THIS EXHIBITION is going to cause some massive arguments. At least, I hope it does, because that’s exactly the point. How do you even start to identify the 13 most important cars in history? That’s only one for every decade that the motorcar has existed.
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You could debate it in the pub for hours, and I suspect a number of Britain’s beleaguered locals have survived on the back of arguments like this, but in the end I’ve been forced by self-discipline and circumstance to narrow it down.
This raises a second question. Does my choice of cars pass the critical “Radio 4 test”: that is, if they put me on the Today programme, could I argue the case for each car with conviction? I believe I could, the interruptions of John Humphrys permitting.
The cars on display in a special gallery at the London Classic Car Show will span the entire history of the car. There are six predictable choices, presented in the Hall of Obviousness, and you could probably guess what they are right now without reading another word. Then there are another six in what I’m calling the Chambers of Bloody-mindedness. They are not as well known, but I believe they are just as significant historically. They’ve simply been forgotten or misunderstood.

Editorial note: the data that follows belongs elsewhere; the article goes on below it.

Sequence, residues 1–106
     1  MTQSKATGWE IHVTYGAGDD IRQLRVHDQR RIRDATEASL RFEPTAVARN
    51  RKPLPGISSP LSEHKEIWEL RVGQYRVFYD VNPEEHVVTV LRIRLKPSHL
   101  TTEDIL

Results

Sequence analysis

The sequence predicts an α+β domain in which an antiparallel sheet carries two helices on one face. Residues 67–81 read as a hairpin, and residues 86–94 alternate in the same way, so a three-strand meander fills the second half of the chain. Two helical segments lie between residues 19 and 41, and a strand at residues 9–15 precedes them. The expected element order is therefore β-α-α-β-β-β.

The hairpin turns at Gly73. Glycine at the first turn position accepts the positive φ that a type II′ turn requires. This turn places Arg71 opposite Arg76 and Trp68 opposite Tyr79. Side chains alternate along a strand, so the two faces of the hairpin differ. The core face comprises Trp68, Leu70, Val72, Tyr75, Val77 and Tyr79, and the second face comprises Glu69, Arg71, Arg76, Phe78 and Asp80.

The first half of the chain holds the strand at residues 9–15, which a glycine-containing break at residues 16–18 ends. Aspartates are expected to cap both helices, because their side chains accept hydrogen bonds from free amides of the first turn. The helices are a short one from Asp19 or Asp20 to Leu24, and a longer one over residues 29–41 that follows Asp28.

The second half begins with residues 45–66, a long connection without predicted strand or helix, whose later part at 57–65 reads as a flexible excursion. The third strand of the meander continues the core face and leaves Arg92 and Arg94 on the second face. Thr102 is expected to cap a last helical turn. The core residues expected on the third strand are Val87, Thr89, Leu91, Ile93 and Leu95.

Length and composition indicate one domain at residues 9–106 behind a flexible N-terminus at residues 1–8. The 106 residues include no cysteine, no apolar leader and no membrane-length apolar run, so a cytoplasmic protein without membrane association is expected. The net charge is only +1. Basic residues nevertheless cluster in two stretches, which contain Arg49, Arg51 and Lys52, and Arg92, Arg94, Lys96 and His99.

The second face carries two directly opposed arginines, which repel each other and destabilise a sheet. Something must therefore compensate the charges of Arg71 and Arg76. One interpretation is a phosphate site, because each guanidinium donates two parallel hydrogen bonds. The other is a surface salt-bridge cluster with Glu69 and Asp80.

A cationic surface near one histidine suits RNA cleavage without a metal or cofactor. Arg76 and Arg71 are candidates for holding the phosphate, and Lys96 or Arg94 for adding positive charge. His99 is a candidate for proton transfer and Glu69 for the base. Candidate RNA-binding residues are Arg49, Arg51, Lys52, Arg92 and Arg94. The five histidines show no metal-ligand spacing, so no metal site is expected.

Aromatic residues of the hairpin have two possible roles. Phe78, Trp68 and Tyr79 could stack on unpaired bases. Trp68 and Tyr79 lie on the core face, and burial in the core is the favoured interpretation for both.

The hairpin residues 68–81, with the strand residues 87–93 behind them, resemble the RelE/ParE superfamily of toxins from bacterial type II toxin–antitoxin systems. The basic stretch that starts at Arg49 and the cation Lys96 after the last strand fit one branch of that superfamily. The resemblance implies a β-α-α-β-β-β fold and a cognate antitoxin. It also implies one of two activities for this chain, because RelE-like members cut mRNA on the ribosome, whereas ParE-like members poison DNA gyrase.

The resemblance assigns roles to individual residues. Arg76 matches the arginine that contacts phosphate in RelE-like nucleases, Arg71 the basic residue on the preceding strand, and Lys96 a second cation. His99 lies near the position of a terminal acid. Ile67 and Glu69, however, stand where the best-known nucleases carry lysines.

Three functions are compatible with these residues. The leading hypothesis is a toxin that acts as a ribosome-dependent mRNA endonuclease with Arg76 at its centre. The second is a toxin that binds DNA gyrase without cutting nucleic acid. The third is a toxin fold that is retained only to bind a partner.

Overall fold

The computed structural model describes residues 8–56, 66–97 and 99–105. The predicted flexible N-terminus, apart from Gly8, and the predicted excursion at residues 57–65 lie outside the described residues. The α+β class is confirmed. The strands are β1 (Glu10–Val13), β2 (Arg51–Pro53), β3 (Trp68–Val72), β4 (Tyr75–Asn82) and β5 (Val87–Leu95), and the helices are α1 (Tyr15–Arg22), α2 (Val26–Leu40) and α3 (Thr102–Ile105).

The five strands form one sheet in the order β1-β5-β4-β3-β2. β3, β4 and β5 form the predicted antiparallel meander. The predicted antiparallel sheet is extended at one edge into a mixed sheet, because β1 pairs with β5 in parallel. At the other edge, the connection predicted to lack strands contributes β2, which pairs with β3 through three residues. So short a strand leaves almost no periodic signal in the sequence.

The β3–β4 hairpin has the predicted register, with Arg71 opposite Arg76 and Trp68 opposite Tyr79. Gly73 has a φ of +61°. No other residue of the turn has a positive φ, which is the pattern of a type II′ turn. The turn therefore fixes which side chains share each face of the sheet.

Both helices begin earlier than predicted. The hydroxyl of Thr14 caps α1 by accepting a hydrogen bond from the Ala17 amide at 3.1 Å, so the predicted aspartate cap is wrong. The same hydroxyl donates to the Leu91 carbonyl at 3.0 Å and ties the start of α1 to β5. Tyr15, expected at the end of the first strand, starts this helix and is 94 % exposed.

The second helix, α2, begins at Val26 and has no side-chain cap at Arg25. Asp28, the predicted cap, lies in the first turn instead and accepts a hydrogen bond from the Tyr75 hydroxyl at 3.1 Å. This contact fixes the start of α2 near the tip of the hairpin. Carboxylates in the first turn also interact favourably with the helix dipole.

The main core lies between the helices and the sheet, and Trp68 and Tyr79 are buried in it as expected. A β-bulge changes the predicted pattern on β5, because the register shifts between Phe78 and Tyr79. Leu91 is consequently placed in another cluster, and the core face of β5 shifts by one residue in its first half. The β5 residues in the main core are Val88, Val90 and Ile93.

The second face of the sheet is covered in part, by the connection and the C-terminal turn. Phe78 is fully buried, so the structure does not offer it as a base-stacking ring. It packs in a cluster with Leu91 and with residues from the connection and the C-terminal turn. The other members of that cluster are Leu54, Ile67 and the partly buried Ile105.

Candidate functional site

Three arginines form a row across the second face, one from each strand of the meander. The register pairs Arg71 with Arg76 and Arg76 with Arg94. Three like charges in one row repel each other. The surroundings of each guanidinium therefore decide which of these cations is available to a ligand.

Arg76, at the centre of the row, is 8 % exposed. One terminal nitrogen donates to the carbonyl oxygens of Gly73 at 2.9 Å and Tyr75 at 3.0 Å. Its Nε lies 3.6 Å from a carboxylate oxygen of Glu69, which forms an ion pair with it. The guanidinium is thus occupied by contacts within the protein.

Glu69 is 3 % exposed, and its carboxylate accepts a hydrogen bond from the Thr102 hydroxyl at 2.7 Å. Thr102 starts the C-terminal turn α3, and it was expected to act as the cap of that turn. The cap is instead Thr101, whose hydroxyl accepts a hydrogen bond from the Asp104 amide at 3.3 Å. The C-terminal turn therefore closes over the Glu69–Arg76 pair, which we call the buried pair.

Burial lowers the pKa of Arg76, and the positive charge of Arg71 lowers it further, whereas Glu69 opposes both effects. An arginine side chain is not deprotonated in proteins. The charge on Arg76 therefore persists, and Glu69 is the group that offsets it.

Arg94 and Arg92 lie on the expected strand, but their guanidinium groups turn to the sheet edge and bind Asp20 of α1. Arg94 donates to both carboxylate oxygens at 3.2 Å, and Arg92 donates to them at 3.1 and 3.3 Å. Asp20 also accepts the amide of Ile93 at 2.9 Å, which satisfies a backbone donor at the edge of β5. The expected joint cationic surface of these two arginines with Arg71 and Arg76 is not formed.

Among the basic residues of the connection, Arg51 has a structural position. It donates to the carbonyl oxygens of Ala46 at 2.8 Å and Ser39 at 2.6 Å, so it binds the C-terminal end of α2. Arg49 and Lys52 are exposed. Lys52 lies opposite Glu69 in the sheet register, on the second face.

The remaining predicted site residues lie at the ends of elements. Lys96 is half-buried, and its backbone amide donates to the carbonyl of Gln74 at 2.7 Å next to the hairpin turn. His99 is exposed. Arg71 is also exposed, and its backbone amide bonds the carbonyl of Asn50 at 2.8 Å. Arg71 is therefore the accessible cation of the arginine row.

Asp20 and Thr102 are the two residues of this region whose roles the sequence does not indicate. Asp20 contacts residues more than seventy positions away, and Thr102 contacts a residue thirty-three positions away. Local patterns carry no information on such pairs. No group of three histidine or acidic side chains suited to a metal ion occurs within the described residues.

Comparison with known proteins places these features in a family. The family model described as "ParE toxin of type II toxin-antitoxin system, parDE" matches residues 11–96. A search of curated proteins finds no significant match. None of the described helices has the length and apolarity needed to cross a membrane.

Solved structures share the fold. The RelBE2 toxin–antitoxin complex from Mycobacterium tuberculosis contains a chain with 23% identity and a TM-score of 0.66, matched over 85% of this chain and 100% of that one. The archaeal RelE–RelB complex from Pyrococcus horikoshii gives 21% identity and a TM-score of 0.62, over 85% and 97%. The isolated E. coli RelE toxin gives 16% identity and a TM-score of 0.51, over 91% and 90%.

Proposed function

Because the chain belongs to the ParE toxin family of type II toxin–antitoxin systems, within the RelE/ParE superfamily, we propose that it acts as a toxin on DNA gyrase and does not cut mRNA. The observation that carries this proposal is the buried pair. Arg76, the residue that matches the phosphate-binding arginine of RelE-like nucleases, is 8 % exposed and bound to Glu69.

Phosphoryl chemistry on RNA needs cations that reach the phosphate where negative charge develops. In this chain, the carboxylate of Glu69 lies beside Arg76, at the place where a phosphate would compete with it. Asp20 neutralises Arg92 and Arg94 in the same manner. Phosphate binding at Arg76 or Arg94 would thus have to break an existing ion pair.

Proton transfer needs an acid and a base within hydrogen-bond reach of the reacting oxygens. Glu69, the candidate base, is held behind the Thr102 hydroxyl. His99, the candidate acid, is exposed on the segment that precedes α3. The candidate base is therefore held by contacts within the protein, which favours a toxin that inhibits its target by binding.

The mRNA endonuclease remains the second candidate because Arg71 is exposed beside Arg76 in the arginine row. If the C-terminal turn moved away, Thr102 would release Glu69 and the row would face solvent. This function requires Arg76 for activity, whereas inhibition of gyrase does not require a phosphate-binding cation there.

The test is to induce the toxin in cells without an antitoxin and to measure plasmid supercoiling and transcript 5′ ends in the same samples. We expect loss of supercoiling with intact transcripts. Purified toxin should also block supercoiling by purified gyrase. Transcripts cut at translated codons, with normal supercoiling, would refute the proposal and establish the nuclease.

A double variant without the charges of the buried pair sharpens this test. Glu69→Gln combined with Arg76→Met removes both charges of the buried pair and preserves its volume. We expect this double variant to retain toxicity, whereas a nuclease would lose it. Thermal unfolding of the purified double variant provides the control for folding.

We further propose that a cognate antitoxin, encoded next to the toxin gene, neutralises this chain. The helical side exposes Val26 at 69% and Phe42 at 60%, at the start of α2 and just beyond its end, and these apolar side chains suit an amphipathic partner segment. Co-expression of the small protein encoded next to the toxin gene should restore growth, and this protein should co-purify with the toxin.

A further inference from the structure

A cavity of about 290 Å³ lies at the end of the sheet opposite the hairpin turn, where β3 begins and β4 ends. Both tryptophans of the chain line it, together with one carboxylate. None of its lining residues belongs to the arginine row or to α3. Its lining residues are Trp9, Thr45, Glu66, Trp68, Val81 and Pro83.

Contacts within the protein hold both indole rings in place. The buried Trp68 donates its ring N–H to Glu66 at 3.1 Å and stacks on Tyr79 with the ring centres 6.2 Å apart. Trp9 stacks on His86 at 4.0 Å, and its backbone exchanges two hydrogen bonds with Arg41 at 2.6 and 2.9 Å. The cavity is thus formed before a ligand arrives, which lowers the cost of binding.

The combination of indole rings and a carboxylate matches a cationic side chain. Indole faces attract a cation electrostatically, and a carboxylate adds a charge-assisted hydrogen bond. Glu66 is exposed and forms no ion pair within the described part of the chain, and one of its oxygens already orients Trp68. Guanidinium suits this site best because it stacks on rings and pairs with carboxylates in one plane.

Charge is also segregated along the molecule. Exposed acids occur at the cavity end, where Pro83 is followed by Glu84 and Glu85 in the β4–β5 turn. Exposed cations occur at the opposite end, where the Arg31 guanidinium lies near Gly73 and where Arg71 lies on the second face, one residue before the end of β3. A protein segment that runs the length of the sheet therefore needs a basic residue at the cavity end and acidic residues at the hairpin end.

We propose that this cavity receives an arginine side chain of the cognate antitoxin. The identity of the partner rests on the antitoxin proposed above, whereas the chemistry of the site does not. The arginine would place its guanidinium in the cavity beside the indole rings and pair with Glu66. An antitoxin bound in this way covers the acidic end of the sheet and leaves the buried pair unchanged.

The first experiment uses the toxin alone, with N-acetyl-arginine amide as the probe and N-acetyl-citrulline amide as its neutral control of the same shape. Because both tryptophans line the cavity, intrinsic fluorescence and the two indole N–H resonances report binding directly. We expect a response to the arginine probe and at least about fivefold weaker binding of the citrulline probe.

Finally, in a chapel of its own, there’s the car that I believe is the most important ever made. It’s certainly the car that looms largest in my motoring life — the biggest inspiration. But I’m not going to give that one away. You simply have to visit the show and indulge me through my halls and chambers to get to it. The exhibition must be viewed as a piece, as what someone more marketing-savvy than me might describe as an immersive motoring history experience.
In a chapel of its own, there’s the car that I believe is the most important ever made. It’s certainly the car that looms largest in my motoring life — the biggest inspiration. But I’m not going to give that one away. You simply have to visit the show.
But back to the cars in the hall and the chambers. These are cars that didn’t just improve incrementally on what was already there. They totally changed the way that people saw, used or merely contemplated “the car”. In one way or another, they all played a part in advancing our understanding of what was normal.
In 1972, for example, body rot and dubious reliability were as much a part of the motoring landscape as furry dice and firing WD-40 in the vague direction of a dead engine on a damp morning. Then the first Honda Civic came along. It was good to drive and it didn’t break down. That doesn’t sound much of a claim in the modern world, but back then it was extraordinary.